3 out of 4 stars
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Welcome to the party, ladies and gentlemen! We can guarantee you a memorable evening, the likes of which you have never experienced. Allow me to introduce our distinguished guests. This gorgeous and arrogant woman here is Ms. Rebecca Aseptue, a strict and unfairly demanding boss. Next is Mr. Alfred Dietz, a war veteran who mindlessly slaughtered a number of innocent people. The man next to him is Gary Haits, who likes to be in control by brutally torturing prostitutes. Standing beside him is Mr. Mike Nospetue, the most unscrupulous person you will ever have the misfortune to meet. Meet Johnny Fiendin, a video game junkie who feels alive only in a virtual world. Next in the queue is Ms. Teresa Egrette, who fell prey to her own distorted mind and ended up killing an innocent family.
All of our guests were featured as the protagonists in You, The People by Pablo Digenio. This is a unique collection of six short stories, each depicting one of our honored guests achieving redemption. The word 'redemption' probably makes you think of fascinating stories of hope, new sunrises, and profound changes. Be warned, reader, their tales are not at all rosy.
The stories introduce our guests at their worst. Their addiction to various vices makes them completely oblivious to the detrimental effects on other people. They are the embodiment of negativity, filled with every reckless folly imaginable. What awaits each of them may be utterly horrific or not, depending on their choices. However, no matter what, they will inevitably be drawn towards their destiny.
Although maintaining a distinguishable fable-like tone, these are not your average childhood fables. Instead, these are the darker, unedited versions. Judging by the page count, this unusual collection is a comparatively short read. However, the contents are quite unpleasant to read and even harder to digest. This book is definitely not for the faint-hearted.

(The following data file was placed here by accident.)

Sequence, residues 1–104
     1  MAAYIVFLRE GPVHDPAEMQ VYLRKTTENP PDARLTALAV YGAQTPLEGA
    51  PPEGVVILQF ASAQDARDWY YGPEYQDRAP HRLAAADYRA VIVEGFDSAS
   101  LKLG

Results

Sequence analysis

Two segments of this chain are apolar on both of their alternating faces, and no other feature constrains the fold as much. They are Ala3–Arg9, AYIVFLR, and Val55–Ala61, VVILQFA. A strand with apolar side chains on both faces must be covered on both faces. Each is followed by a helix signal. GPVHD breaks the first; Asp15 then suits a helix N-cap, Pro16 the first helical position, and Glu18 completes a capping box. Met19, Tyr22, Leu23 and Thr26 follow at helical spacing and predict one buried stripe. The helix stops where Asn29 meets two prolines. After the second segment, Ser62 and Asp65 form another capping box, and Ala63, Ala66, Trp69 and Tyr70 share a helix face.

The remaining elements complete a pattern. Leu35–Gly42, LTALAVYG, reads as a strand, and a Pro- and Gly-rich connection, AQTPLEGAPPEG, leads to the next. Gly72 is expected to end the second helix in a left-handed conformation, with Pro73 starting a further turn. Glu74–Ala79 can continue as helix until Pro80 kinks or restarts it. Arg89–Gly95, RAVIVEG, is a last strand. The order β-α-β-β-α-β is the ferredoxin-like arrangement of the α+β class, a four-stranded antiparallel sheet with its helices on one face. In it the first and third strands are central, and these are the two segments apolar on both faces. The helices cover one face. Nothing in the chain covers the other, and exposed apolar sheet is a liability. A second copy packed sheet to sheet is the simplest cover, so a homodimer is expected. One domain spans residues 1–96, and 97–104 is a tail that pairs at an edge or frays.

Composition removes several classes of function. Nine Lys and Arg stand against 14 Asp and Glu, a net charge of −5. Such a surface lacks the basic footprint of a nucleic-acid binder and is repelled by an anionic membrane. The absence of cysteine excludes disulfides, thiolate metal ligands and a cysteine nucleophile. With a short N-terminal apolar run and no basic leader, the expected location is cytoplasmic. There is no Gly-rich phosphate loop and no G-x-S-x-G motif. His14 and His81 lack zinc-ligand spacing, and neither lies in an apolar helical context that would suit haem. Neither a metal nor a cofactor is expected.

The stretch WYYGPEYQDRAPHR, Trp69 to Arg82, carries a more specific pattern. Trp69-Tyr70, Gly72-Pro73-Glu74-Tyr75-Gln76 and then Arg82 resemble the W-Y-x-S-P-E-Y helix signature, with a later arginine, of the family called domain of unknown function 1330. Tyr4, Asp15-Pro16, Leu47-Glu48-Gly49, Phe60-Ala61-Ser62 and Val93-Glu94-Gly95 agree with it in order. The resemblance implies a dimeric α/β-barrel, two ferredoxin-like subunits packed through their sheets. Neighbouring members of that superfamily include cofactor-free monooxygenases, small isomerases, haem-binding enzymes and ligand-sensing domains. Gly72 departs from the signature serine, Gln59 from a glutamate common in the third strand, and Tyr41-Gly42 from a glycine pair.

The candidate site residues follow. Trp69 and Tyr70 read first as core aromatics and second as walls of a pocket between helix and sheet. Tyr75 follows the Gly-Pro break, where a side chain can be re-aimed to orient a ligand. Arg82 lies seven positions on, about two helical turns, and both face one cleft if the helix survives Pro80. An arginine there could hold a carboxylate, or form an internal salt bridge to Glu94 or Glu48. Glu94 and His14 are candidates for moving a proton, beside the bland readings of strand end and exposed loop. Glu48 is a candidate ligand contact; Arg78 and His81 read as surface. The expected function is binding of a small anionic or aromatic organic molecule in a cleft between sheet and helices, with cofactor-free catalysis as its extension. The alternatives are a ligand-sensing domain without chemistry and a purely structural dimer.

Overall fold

Each story has its own cover page with an illustration of the protagonist. The colors employed are black and white, accompanied by a more vibrant shade. They convey a distinctly ominous sense of foreboding for the stories to come. Additionally, I liked how the sinister tales are recounted using a matter-of-fact tone, often with a head-turning twist in the end.
Consisting of only a few errors, the book seems well-edited. I rate it 3 out of 4 stars, deducting one star for the excessive blood and gore. I would suggest this book exclusively to the adult audience, especially those who are unbothered by the darker side of human nature. The more squeamish readers might want to stay away.
Thank you for attending the party. Please be warned that you might come across any of these dreadful persons at any moment. In fact, you might encounter one after stepping in front of a mirror. I hope you are sensible enough to rectify your faults before being hurled into the same downward spiral as our protagonists. First and foremost, this book serves as a mirror to reflect our inner monsters and shows us the grisly consequences of letting those monsters loose.
You, The People
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